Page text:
Aims and objectives. Day surgery shifts the responsibility of care from the hospital to patients and their families. This study explored how partners of day surgery patients experienced their role after patient discharge. Background. Many surgical procedures formerly requiring inpatient care are now carried out on a day surgery basis, shifting responsibility of care to patients and their partners/relatives. Little is known about how partners of day surgery patients manage this responsibility. Design. Qualitative descriptive. Methods. Individual semi-structured interviews with 11 partners of day surgery patients who had undergone shoulder surgery. Systematic text condensation was used to analyse data. Results. The following aspects were identified: the first is 'It's all about being there for the patient by taking care of the patient's needs and by mobilising one's network,' referring to the provision of reassurance, helping with activities of daily living, facilitating information, being on the alert for adverse events and taking an average 1-4 days off work. The second is 'Contributing to society as a partner,' referring to partners' sense of citizenship resulting from being carers. Finally, prior experiences of hospitalisation and illness appeared to impinge upon partners' ways of taking on the responsibility of care. Conclusion. Partners readily accepted their role as carers. This is essential for the day surgery concept to succeed. Relevance to clinical practice. In the light of the continuing expansion of day surgery and the ensuing transfer of care to patients and their relatives, it is important for healthcare professionals to assess relatives' capability to care for day surgery patients.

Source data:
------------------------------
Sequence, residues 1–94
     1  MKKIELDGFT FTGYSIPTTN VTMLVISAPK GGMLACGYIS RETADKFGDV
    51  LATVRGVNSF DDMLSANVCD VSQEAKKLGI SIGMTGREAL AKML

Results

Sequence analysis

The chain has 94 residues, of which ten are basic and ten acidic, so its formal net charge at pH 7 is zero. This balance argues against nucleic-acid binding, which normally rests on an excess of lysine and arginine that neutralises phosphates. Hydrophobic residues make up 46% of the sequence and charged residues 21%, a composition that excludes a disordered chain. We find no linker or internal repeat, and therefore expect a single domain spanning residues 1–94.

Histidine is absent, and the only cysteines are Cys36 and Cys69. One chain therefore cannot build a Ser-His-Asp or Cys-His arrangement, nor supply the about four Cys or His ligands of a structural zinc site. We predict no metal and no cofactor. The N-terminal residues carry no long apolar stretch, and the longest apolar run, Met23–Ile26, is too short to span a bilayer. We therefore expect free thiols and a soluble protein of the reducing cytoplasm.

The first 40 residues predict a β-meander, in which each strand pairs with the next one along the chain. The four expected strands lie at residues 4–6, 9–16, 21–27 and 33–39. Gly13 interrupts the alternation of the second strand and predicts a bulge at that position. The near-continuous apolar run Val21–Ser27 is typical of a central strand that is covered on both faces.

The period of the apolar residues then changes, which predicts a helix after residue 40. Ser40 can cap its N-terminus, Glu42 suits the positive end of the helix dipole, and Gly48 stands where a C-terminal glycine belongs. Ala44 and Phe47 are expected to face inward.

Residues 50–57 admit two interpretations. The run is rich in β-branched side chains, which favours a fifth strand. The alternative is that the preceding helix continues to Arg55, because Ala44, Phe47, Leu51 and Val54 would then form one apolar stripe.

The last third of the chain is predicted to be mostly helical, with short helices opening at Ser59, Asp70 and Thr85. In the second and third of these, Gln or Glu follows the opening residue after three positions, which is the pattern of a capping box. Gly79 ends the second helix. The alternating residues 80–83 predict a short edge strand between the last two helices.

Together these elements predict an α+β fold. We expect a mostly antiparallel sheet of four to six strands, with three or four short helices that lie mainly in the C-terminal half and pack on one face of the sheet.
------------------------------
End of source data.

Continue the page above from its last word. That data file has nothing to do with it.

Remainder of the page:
|Tidsskrift||Journal of Clinical Nursing|
|Status||Udgivet - 2012|